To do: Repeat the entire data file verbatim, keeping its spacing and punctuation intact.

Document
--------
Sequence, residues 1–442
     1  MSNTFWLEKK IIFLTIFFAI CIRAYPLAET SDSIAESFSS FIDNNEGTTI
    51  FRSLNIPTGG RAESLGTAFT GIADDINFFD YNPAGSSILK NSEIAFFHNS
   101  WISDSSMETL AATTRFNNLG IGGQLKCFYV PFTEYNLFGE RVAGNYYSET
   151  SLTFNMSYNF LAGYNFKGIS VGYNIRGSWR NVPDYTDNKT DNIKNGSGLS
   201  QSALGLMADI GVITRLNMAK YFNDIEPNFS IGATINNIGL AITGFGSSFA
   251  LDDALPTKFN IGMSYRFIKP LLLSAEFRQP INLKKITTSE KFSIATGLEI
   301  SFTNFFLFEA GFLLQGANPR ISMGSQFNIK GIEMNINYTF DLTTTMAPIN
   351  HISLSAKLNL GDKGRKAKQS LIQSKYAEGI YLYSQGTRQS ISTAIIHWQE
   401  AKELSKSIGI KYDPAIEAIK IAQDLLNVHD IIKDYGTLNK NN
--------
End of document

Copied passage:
Sequence, residues 1–442
     1  MSNTFWLEKK IIFLTIFFAI CIRAYPLAET SDSIAESFSS FIDNNEGTTI
    51  FRSLNIPTGG RAESLGTAFT GIADDINFFD YNPAGSSILK NSEIAFFHNS
   101  WISDSSMETL AATTRFNNLG IGGQLKCFYV PFTEYNLFGE RVAGNYYSET
   151  SLTFNMSYNF LAGYNFKGIS VGYNIRGSWR NVPDYTDNKT DNIKNGSGLS
   201  QSALGLMADI GVITRLNMAK YFNDIEPNFS IGATINNIGL AITGFGSSFA
   251  LDDALPTKFN IGMSYRFIKP LLLSAEFRQP INLKKITTSE KFSIATGLEI
   301  SFTNFFLFEA GFLLQGANPR ISMGSQFNIK GIEMNINYTF DLTTTMAPIN
   351  HISLSAKLNL GDKGRKAKQS LIQSKYAEGI YLYSQGTRQS ISTAIIHWQE
   401  AKELSKSIGI KYDPAIEAIK IAQDLLNVHD IIKDYGTLNK NN